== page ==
In December 1997, the EPA, together with the Urban Land Institute, co-sponsored the first “Partners for Smart Growth” conference. Conferences followed in Austin in 1998, then San Diego and finally, in Atlanta. The LGC participated in the San Diego conference, organizing a third day focused on smart growth in the Western States.

The LGC began organizing conferences on “livable communities” somewhat earlier, producing five installments of its highly successful “Putting Our Communities Back on Their Feet Conference” on the East and West Coasts in the mid-to-late 1990s.

In 2001, the LGC partnered with the Centers for Disease Control, the California Department of Transportation and Penn State University to produce a “first of its kind” national, multidisciplinary event titled “Redesigning Community: A Smart Growth Approach to Street and Neighborhood Design, Crime Prevention, and Public Health and Safety” in San Diego.

Immediately following that event, the EPA approached the LGC about merging their collective efforts. Addressing the key issues on the table, the appropriately titled “New Partners for Smart Growth” multidisciplinary conference has now made memorable stops in San Diego, New Orleans, Portland, Miami, Denver, Los Angeles, Washington, DC, Albuquerque, Seattle and Charlotte—building momentum and attracting new supporters every year.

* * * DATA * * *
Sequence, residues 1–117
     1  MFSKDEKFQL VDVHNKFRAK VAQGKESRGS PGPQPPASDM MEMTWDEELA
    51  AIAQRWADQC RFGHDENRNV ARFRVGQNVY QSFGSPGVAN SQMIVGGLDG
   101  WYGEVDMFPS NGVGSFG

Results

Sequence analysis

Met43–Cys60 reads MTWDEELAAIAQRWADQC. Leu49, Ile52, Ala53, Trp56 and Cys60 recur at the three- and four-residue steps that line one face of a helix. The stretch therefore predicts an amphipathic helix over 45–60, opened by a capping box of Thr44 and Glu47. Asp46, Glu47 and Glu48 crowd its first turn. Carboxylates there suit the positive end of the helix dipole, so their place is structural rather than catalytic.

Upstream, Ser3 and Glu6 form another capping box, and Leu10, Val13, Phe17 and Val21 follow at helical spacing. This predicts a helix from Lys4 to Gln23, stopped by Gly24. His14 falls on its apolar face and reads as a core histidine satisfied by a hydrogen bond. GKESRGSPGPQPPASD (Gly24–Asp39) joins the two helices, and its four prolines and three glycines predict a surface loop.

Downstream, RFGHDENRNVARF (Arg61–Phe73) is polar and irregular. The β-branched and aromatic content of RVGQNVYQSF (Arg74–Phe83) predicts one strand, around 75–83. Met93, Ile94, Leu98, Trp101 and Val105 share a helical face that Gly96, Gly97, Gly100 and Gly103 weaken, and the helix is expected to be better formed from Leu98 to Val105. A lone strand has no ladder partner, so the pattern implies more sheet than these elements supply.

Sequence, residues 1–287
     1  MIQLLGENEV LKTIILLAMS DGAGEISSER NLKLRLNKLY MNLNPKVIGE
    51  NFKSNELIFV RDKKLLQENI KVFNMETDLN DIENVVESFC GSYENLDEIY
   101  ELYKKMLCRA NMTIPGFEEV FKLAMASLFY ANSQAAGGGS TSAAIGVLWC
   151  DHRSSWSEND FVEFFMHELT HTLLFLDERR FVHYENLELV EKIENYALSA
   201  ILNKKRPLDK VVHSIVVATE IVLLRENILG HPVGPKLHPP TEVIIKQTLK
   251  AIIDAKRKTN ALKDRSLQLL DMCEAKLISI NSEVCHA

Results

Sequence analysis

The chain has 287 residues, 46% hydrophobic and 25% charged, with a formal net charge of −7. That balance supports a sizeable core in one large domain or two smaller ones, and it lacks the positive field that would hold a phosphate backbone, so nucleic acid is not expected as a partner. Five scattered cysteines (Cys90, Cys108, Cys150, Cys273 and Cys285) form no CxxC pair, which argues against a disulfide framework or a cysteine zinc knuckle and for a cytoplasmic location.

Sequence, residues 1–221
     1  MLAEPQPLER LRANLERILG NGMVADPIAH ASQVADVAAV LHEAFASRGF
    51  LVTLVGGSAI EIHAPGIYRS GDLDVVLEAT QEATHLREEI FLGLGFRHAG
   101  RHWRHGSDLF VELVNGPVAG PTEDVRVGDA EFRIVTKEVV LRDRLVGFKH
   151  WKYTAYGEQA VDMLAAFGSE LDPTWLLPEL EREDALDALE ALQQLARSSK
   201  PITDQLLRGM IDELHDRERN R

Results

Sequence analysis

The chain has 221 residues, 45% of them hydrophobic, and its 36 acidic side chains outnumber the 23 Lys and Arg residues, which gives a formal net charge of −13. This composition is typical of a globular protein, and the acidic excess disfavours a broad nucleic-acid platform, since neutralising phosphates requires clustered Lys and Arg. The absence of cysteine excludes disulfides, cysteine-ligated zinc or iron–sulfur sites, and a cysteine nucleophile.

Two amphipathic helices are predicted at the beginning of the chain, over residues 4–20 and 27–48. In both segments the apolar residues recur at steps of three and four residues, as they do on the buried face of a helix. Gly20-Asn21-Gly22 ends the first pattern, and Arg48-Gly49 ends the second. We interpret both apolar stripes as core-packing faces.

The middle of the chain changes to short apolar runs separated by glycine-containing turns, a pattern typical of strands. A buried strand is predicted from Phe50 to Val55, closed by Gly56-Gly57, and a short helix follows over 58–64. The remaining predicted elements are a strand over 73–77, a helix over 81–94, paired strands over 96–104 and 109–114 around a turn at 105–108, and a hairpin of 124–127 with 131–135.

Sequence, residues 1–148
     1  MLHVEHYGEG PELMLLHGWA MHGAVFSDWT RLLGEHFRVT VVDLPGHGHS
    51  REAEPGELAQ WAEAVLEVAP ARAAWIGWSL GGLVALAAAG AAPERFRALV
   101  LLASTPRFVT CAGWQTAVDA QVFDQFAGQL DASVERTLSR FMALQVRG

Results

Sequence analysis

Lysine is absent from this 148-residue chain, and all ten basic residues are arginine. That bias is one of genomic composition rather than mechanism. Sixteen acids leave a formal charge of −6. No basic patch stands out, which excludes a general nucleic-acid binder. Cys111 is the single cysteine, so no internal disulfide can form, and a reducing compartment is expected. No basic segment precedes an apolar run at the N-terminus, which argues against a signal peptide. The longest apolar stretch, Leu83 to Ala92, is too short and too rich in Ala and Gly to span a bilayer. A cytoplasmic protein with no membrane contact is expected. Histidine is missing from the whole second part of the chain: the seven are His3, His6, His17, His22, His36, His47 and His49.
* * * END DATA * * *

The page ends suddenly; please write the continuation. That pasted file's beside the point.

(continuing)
Over the past decade, the basic principles of smart growth have not changed, but the realization of their importance continues to grow as more civic leaders, professionals, and interest groups recognize smart growth as a solution to the challenges in their communities. Thanks to a trail blazed by determined and visionary pioneers, smart growth is now widely and rightfully understood as a necessary, if not sufficient, way of addressing many of the most difficult economic, environmental, and social challenges we face today in communities across the country.

The enduring strength of the New Partners conference comes from the diversity of participants who cross disciplinary lines to share experiences, insights, inspiration, valuable implementation tools and strategies.  The 2015 event will continue this exciting trend and welcomes even more new partners who recognize smart growth as a viable solution to the problems they encounter in their professions.

Check out our 10th-anniversary commemorative booklet from the 2011 conference.

With the critical challenges that lie ahead, there are more reasons than ever to join hands with new partners and work toward our common goal of creating safe, healthy, equitable, economically vibrant, and livable communities for all.

About New Partners

Conference Organizers

"The challenges of the 21st century will require an unprecedented level of collaboration and innovation. Working together across disciplines, we can create communities that are resilient, prosperous and equitable. The New Partners conference will connect you to diverse experts, new strategies and cutting-edge tools that will help create positive change, starting with your community."
— Kate Meis, Executive Director, Local Government Commission
Michele Kelso Warren
916-448-1198 x308
mkwarren ‘AT’ lgc ‘DOT’ org

Nico Gilbert-Igelsrud
916-448-1198 x327
ngigelsrud ‘AT’ lgc ‘DOT’ org

About the Event

Why You Should Attend

A Green Conference